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Great Northern (UK) class C1 (small boiler) “Klondykes”
London & North Eastern class C2
Great Britain | 1898 | 22 produced
Locomotive Magazine, July 1898

Shortly before the turn of the century, Henry Ivatt had the task of developing a new locomotive for the increasing loads of the most important express trains. He had to measure himself against the singles from his predecessor Patrick Stirling, who were still considered excellent and very fast, but no longer powerful enough. Here, for the first time in Great Britain, the wheel arrangement 4-4-2 was used, which originally came from the USA and was known there as “Atlantic”. The difference was that the Atlantic was developed in the US from the 4-4-0 “American” to allow for a larger firebox and smoother running, while in the UK it was a 4-2-2 “Single” with an extra coupled axle

No. 990 “Henry Oakley” at the Doncaster Works Open Day, July 2003
No. 990 “Henry Oakley” at the Doncaster Works Open Day, July 2003
Our Phellap

The class also represented a departure from British tradition in other respects, most notably with its externally mounted cylinders. The class was initially only named after the first machine built with the number 990 and later got the designation C1. To distinguish them from the larger boiler design of 1902, the locomotives are generally known simply as “C1 (small boiler)” or “Small Atlantics”. Because of the American influence, they were also nicknamed “Klondykes” after the Klondike Gold Rush. A single example, number 271, was built in 1902 with four small simple acting cylinders.

Schematic drawing
Schematic drawing
Locomotive Magazine, October 1900

A total of 22 pieces were made. The locomotives easily reached 90 mph, which proved difficult in everyday use on routes such as between London and Doncaster. At some speeds, it was often found that the cylinders were too small to implement the boiler's output. This led to unfavorable valve gear settings during operation, which led to high steam consumption.

In 1909, number 988 was the only one equipped with a superheater according to the Schmidt patent. The boiler pressure was reduced from 175 to 160 psi and in return the cylinder diameter was increased from 19 to 20 inches. From 1914 all other machines were converted with the Robinson superheater. From 1923, the machines were listed as class C2 by the LNER. The decommissioning began as early as 1935 and lasted until 1946. Today only number 990, which was built first, still exists, which bears the name “Henry Oakley” after the former managing director of the Great Northern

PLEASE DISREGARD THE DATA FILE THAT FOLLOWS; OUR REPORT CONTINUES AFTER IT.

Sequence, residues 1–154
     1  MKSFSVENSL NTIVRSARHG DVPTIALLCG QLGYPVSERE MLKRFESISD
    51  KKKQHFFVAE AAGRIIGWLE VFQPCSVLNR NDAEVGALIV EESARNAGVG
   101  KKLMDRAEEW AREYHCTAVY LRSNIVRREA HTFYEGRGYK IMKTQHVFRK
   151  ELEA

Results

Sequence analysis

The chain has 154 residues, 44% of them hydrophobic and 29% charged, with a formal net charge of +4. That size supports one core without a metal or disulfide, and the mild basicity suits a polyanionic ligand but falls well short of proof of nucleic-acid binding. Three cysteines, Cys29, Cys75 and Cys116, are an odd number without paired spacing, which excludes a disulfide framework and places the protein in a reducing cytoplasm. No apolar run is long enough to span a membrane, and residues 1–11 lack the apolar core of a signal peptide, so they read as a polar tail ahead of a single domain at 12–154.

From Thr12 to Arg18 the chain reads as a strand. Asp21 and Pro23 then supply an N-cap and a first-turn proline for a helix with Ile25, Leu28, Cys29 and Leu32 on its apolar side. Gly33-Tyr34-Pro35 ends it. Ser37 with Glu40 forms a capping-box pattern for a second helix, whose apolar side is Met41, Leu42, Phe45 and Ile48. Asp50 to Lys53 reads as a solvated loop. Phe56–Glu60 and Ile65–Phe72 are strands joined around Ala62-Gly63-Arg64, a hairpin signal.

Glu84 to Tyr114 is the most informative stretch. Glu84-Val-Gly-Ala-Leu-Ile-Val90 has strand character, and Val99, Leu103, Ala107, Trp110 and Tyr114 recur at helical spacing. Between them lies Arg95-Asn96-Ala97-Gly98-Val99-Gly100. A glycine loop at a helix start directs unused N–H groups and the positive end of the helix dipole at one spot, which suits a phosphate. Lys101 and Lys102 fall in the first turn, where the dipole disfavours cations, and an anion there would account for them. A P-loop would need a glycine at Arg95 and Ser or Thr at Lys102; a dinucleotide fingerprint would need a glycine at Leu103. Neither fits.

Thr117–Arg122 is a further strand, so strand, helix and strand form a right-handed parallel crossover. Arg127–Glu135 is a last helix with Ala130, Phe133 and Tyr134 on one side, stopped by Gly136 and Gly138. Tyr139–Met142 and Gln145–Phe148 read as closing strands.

VariantproductionsuperheatedNo. 271
Built1898-19031909, 1914-19251902
Axle config4-4-2 (Atlantic) 
Gauge4 ft 8 1/2 in (Standard gauge)
Dimensions and Weights
Wheelbase26 ft 4 in26 ft 9 in
Fixed wheelbase6 ft 10 in6 ft 10 1/2 in
Total wheelbase48 ft 3 in
Service weight129,941 lbs134,400 lbs131,600 lbs
Adhesive weight69,548 lbs72,128 lbs73,360 lbs
Total weight221,557 lbs226,016 lbs217,840 lbs
Axle load35,750 lbs37,184 lbs38,080 lbs
Water capacity4,407 us gal
Fuel capacity11,200 lbs (coal)
Power sourcesteam
Estimated power800 hp (597 kW)1,050 hp (783 kW)775 hp (578 kW)
Optimal speed32 mph38 mph29 mph
Top speed90 mph
Starting effort16,091 lbf17,785 lbf17,163 lbf
Power Plant
Driver diameter78 in
Boiler pressure175 psi170 psi175 psi
Expansion typesimple
Cylinderstwo, 18 3/4 x 24 intwo, 20 x 24 infour, 15 x 20 in
Grate area26.8 sq ft24.5 sq ft
Firebox area140 sq ft137 sq ft140.5 sq ft
Tube heating area1,302 sq ft1,027 sq ft1,162.5 sq ft
Evaporative heating area1,442 sq ft1,164 sq ft1,303 sq ft
Superheater area343 sq ft
Total heating area1,442 sq ft1,507 sq ft1,303 sq ft
Calculated Values
steam locomotive
Henry Alfred Ivatt
last changed: 06/2022

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